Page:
Former Trump adviser Page says he welcomes FISA warrant against him – Politico


“There had been prior reports, but I was so happy to hear that further confirmation is now being revealed,” Carter Page said. | AP Photo

A former foreign policy adviser to President Donald Trump’s campaign says a report that the FBI obtained a secret court order to monitor his communications last summer are “very encouraging,” because it shows he is being made a political scapegoat in the ongoing investigations into potential ties between Trump associates and the Russian government.

Carter Page told POLITICO on Tuesday evening that “further confirmation is now being revealed” about how he has been the subject of a Foreign Intelligence Surveillance Court, or FISA, warrant against him. When pressed for details, he backed away from having any specific knowledge of the secret order, saying, “I don’t know anything. I’m just following what’s in the media.”

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FISA warrants are highly classified, and issued in secret by a special Justice Department court.

Targets of them are, by rule, not notified of them. And they rank among the most closely held secrets in government.

The Washington Post, citing anonymous sources,

Page acknowledged the report in a statement to POLITICO, saying, “There had been prior reports, but I was so happy to hear that further confirmation is now being revealed.”

The Justice Department declined to comment.

Page said Tuesday evening that he was being investigated, at least in part, for remarks he has made – including during a July 2016 speech in Russia – that were highly critical of U.S. energy policy.

The FISA court was created after a series of embarrassing disclosures about how the U.S. government improperly spied on dissenters. Despite claims by Page and others that FISA warrants have been used to gather intelligence for political reasons, the application process has built into it numerous layers of oversight to prevent that from happening, both at the FBI and at the Justice Department, which is known to reject an application several times before approving it for consideration by the secret court of specially tapped federal judges.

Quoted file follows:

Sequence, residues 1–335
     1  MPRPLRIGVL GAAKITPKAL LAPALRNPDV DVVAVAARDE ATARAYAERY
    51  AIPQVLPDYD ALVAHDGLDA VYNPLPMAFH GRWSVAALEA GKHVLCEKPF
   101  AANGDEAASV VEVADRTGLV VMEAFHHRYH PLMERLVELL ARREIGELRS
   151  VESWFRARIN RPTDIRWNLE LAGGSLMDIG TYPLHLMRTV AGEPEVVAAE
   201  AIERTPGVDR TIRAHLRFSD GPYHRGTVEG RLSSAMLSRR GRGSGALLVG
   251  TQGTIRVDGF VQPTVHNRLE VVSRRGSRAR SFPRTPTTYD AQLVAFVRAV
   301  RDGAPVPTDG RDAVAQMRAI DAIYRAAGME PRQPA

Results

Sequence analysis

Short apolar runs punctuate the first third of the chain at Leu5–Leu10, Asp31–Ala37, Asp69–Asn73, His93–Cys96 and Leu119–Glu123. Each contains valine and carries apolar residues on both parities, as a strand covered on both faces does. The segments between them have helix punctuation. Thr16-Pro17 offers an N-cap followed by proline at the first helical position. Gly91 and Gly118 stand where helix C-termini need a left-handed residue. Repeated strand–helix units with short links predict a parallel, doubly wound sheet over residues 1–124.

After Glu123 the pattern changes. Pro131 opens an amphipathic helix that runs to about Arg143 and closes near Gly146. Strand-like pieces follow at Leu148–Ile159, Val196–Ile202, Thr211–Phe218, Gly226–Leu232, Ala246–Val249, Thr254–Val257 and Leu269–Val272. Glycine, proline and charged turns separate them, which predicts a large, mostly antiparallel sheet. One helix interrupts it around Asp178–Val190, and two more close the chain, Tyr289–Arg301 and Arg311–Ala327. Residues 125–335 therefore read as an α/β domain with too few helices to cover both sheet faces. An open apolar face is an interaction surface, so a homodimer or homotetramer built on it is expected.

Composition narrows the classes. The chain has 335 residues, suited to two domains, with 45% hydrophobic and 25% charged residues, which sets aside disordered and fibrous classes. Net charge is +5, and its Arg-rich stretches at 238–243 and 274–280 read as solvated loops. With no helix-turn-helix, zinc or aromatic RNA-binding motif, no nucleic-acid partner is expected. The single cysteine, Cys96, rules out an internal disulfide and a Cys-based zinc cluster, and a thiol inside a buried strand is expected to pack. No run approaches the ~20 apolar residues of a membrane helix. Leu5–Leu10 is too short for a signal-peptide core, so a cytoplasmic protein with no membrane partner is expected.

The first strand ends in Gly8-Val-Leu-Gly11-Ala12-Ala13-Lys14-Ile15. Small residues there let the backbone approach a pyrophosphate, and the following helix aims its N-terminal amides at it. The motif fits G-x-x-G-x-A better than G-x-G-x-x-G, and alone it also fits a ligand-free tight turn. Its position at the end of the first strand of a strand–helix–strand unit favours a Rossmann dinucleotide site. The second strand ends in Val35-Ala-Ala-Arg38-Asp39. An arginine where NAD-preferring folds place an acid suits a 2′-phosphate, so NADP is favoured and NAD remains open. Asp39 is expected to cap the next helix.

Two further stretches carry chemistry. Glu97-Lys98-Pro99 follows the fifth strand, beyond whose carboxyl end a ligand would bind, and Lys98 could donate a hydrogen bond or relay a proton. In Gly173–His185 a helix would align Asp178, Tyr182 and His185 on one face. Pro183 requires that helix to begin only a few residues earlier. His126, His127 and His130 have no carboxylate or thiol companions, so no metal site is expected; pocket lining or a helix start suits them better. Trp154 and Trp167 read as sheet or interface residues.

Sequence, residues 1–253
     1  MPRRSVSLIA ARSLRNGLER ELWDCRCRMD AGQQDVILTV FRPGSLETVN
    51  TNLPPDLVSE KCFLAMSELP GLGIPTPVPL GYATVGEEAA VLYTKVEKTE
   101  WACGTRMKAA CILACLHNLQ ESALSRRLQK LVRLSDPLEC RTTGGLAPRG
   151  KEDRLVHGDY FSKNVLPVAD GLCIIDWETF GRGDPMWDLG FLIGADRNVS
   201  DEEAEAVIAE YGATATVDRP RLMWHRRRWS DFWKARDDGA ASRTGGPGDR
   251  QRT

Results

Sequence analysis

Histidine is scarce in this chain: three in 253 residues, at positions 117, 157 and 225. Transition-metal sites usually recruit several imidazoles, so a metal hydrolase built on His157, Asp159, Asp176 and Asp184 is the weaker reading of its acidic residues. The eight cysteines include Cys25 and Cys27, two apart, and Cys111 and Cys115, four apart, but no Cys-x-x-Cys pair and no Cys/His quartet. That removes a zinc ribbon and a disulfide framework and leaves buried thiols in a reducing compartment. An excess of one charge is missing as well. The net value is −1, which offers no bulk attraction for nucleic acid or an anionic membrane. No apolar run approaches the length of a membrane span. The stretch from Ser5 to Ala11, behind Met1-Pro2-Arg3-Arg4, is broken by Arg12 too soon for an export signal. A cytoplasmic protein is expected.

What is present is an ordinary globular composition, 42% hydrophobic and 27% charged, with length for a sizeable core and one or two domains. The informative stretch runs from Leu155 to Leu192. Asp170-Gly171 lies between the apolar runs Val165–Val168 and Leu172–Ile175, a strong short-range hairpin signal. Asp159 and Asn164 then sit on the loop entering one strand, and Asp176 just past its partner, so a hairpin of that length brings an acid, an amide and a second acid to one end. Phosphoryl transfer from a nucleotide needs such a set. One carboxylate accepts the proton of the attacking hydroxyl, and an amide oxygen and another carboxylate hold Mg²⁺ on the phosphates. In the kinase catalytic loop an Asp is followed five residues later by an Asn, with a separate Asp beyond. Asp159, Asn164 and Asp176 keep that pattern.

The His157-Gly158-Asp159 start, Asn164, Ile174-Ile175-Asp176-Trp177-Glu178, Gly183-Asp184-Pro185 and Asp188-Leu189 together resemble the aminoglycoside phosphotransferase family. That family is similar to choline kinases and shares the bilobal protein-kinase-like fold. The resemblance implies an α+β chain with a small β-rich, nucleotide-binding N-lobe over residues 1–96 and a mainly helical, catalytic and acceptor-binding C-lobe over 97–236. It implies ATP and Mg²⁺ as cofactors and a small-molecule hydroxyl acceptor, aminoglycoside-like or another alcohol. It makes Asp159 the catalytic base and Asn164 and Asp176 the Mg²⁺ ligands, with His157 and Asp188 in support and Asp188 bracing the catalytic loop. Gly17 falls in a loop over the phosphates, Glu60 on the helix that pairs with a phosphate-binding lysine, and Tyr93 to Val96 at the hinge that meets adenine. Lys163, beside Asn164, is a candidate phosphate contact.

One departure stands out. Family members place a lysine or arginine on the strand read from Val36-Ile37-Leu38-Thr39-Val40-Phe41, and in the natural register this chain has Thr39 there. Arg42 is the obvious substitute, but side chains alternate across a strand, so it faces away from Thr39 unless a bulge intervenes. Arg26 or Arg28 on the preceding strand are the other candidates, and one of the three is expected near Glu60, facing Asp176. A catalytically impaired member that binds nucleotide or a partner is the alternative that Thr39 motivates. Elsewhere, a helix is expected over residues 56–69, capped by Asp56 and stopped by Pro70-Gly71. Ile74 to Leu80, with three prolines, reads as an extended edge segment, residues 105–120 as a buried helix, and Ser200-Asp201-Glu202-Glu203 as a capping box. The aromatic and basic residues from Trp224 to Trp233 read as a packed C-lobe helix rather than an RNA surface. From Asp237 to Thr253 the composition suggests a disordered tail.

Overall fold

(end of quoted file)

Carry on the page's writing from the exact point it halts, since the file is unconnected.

In recent remarks, FBI Director James Comey provided rare insight into the FISA process, saying that it was virtually impervious to politics. He also told a House intelligence panel investigating Russian meddling in the U.S. election that FISA warrants include an encyclopedic amount of information needed to show that there is probable cause that someone is acting as an agent of a foreign power, which is a requirement for approval of the warrants. Most are approved for 90 days, at which time the probable cause must be re-established.

Even though many of the FISA judges are Republican appointees, “Each application for one of these surveillance warrants … is made before an individual judge of the court.” Nearly all the applications formally presented to the court are approved, but current and former Justice Department officials say that’s because some are withdrawn or reworked after being sent to judges for informal review.

When asked Tuesday evening why he believed the court would approve a FISA warrant against him, Page again — as he has in the past — blamed unnamed Obama administration officials and allies of former Secretary of State and Democratic presidential nominee Hillary Clinton. Page said these unnamed officials were trying to suppress dissent.